Welcome medieval art researchers, students, scholars, and enthusiasts.
Medieval Art Research is a resource run by researchers at The Courtauld Institute of Art and elsewhere to provide news, views and upcoming advice from the world of medieval art history. It does not represent the views of The Courtauld.
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Whether it’s a call for papers, conference, job advertisement or a new book, head to our make an announcement page and send it over.
Seminars and Lectures
Call for Papers
The University of Edinburgh invites applications from specialists in the visual and material court culture of Northern Europe, c. 1400-1800. We welcome versatile applicants who have secondary interests in areas of high student need and who are able to incorporate material from the University’s Centre for Research Collections into their teaching.
Postdoctoral Job: Postdoctoral Research Associate, School of English, University of Kent, deadline 16 August 2020
Do you have a PhD or equivalent and experience in late medieval literary studies? Are you looking for research role that will put to use your knowledge, experience and interest in this area? The University of Kent and Queen’s University Belfast are embarking upon a three-year project funded by the Leverhulme Trust to investigate the theory that London citizens created new programmes of religious education for both the City’s clergy and for literate lay communities that have hitherto gone largely unnoticed by scholarship.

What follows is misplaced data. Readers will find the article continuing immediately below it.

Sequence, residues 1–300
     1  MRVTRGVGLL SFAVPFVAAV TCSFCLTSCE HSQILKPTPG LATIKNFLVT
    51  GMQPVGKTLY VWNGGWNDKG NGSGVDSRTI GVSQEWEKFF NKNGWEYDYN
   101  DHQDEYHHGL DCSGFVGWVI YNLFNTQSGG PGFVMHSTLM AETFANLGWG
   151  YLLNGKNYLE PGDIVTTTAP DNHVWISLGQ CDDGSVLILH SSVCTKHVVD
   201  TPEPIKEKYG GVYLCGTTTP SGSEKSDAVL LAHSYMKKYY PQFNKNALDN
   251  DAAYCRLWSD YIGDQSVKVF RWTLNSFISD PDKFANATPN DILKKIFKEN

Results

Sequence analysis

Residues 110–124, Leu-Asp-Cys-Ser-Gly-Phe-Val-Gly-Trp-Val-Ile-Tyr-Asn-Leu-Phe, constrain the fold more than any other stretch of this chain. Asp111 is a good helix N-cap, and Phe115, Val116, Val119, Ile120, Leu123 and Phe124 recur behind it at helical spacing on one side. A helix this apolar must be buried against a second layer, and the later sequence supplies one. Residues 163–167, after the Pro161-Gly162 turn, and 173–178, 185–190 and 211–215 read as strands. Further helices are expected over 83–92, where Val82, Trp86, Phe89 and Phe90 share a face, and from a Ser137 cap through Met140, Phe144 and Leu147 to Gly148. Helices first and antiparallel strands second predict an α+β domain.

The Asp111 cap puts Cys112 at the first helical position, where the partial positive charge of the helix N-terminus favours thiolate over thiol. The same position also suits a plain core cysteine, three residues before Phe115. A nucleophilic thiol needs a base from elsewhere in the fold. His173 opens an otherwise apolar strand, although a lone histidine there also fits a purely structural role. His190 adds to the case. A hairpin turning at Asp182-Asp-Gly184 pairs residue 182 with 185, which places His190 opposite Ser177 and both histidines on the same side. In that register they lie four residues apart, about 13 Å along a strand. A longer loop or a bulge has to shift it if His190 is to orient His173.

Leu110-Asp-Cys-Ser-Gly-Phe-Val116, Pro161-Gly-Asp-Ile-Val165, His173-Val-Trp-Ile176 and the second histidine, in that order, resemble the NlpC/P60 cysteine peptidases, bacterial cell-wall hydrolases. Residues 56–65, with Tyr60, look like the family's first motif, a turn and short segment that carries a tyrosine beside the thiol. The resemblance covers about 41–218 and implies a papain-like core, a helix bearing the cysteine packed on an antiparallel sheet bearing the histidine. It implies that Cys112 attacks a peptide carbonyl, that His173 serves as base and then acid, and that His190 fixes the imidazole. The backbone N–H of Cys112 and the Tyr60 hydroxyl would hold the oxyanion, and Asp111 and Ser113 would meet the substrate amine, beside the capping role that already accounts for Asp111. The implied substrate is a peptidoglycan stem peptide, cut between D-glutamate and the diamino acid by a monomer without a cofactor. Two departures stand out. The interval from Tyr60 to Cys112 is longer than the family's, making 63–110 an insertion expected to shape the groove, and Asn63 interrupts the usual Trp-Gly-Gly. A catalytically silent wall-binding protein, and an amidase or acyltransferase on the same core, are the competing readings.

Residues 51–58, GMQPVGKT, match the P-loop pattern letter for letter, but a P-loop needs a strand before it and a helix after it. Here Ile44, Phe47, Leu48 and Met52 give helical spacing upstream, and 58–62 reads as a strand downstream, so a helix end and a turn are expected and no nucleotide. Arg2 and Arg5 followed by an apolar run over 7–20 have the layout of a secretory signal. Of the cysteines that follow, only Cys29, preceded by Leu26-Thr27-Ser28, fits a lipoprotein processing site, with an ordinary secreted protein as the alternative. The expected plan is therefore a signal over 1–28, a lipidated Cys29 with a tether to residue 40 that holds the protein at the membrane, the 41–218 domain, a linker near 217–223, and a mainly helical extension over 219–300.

Job: Postdoctoral Researcher in Medieval Manuscript Studies, Radboud University Nijmegen, deadline 20 August 2020
Radboud University Nijmegen is advertising a position for a Postdoctoral Researcher in Medieval Manuscript Studies (0.8FTE) to be part of the research team of the ERC-funded project Patristic Sermons in the Middle Ages. The dissemination, manipulation and interpretation of Late-Antique sermons in the Medieval Latin West (PASSIM).
The latest issue of Speculum is now available on the University of Chicago Press Journals website: Speculum: A Journal of Medieval Studies, Volume 95, Number 3, July 2020.
Volume 32, Number 2, 3 May 2020. ISSN 0950-3110 (Print); ISSN 1473-348X (Online) Philippa Byrne, “Reddimus urbem”: Civic Order and Public Politics at the End of Norman Sicily, pp. 125-139 Hana Taragan, Textiles in Cross-Cultural Encounters: The Case of the Umayyad Palace at Khirbat al-Mafjar, pp. 140-155 Antonios Vratimos, Joseph Tarchaneiotes and the Battle of Mantzikert (AD 1071), pp. 156-168Continue reading “New Journal Issue: Al Masaq: Islam and the Medieval Mediterranean”
It is with great pleasure that we inform you that nº 28 of Medievalista Journal is available. This issue of Medievalista brings some news. The most decisive ones were the simplification of the title – Medievalista on-line became Medievalista -, the adoption of a new management and editing platform and another renewal of the graphicsContinue reading “New Journal Issue: Medievalista Journal, number 28”